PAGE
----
Autistic girls need Child First support when in police care

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  • Picture of Carly Jones
    Carly Jones
    British Autism Advocate - Multi Sector Equality ,Diversity ,Health and Safeguarding professional
  • Behaviour change
  • Accessibility & inclusion
  • Criminal justice

A succession of news stories of the appalling treatment of autistic girls by police is shocking but not surprising. Carly Jones, who grew up with undiagnosed autism, says that there are essential safeguarding measures that must be taken now

I grew up autistic but wasn’t diagnosed until I reached my thirties. Then, after two of my daughters were diagnosed with autism, I became terrified that the vulnerabilities and negative experiences I had experienced without support would repeat themselves for the next generation.

There are no bigger drivers than fear and love. Those emotions, combined with a large dose of hindsight, means I haven’t stopped trying to safeguard other vulnerable autistic women and girls since. That’s why I have acted as a British Autism Advocate since 2008. And that’s why, when I see news reports of systemic failures hurting girls with autism, I take it personally.

Like many of us in the autistic community, I was heartbroken to read the stories of autistic girls’ negative experiences at the hands of the police.

There is ‘Olivia’, who is mixed race and autistic, and who was strip-searched in December 2020. That same month, 15-year-old ‘Child Q’ was strip-searched by police, and left so traumatised by the incident that she later tried to kill herself.

Then there are the horrific failures of the justice system in the case of Semina Halliwell, a 12-year-old girl with autism. Semina, a victim of rape, took her own life directly after an interview with a police officer who had previously discouraged her from bringing forward a criminal complaint and subsequently failed to properly investigate it.

Autistic girls are highly vulnerable when they encounter the justice system, whether as witnesses, victims or defendants. Vulnerabilities and misunderstandings become even more heightened when these girls have to face intersectional issues such as race, disability and adultification bias.

Autistic girls – just like any other child – should be afforded the safeguarding of an appropriate adult; and the Child First approach is key here. Many isolated autistic girls are at greater risk of being exploited by criminal gangs for county lines, sexual exploitation and extremism. We have to remind ourselves that they are victims. What they need is not scapegoating, but greater understanding and trauma-informed care.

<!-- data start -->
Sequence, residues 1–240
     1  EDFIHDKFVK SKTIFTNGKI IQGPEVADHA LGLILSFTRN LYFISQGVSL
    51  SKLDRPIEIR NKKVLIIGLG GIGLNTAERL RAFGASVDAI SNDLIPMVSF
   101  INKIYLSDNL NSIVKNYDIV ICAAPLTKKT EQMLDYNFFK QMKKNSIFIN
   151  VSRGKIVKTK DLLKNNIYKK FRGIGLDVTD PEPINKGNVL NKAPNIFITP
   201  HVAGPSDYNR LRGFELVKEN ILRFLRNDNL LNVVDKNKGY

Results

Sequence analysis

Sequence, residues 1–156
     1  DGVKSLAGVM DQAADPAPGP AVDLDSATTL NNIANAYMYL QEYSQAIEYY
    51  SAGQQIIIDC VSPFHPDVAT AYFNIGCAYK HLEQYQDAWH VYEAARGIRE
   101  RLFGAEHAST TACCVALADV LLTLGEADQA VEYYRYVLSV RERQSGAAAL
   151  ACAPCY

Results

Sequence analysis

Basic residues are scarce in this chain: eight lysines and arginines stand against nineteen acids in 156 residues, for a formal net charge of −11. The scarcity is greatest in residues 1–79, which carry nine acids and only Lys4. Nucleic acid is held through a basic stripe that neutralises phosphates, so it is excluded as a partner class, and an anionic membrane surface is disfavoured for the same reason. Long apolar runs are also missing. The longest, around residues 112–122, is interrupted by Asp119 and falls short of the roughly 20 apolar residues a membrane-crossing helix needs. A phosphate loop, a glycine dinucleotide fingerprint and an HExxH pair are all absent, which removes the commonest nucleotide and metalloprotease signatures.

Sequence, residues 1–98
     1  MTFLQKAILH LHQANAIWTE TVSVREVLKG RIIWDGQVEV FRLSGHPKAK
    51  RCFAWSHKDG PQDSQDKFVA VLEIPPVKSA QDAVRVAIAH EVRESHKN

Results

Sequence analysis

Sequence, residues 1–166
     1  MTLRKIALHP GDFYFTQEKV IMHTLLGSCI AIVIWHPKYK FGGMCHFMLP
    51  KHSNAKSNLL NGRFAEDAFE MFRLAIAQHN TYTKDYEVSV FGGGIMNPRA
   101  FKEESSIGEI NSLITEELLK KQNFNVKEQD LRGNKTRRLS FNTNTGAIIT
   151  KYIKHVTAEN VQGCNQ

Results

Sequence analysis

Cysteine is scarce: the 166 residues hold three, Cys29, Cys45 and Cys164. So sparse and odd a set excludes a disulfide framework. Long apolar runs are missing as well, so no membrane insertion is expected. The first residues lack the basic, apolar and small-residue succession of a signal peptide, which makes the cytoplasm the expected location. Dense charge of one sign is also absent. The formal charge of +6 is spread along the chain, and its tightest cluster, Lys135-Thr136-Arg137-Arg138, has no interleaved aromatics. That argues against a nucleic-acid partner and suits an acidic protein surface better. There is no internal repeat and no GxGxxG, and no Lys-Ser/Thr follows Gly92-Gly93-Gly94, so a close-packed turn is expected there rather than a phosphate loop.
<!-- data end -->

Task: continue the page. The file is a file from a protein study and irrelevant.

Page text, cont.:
In December 2021 I published the book Safeguarding Autistic Girls: Strategies for Professionals, which covers these issues. Many members of the autistic community and parents of autistic girls asked me to send a copy of my book to each police force in the UK. And with the help of Bellevue Law, a female-founded law firm who sponsored this, I have now emailed every Police Commissioner of every force in England, Scotland and Wales, offering to supply free copies, and help their police to understand and support autistic girls.

Within weeks, more than 70 per cent of those commissioners had responded and received the safeguarding book by post. Within a few weeks a free training video will also be sent to them for their teams. Those who haven’t yet responded will have a copy of the book sent to their office addresses anyway and the free training will be attached to a follow-up email.

So there won’t be a police force that hasn’t been given free autistic-specific safeguarding materials.

We cannot continue to let history repeat itself. The justice system must do everything in its power to protect autistic girls through Child First, and protect the most vulnerable at their most vulnerable hour. The justice system must also work with autistic women to create a safer society for girls with autism. We’ve got it wrong in the past but now we can learn from that and serve our young people better. As Maya Angelou said: ‘Do the best you can until you know better. Then, when you know better, DO better.’

Carly Jones MBE is an autistic woman and campaigner for the rights of autistic women and girls

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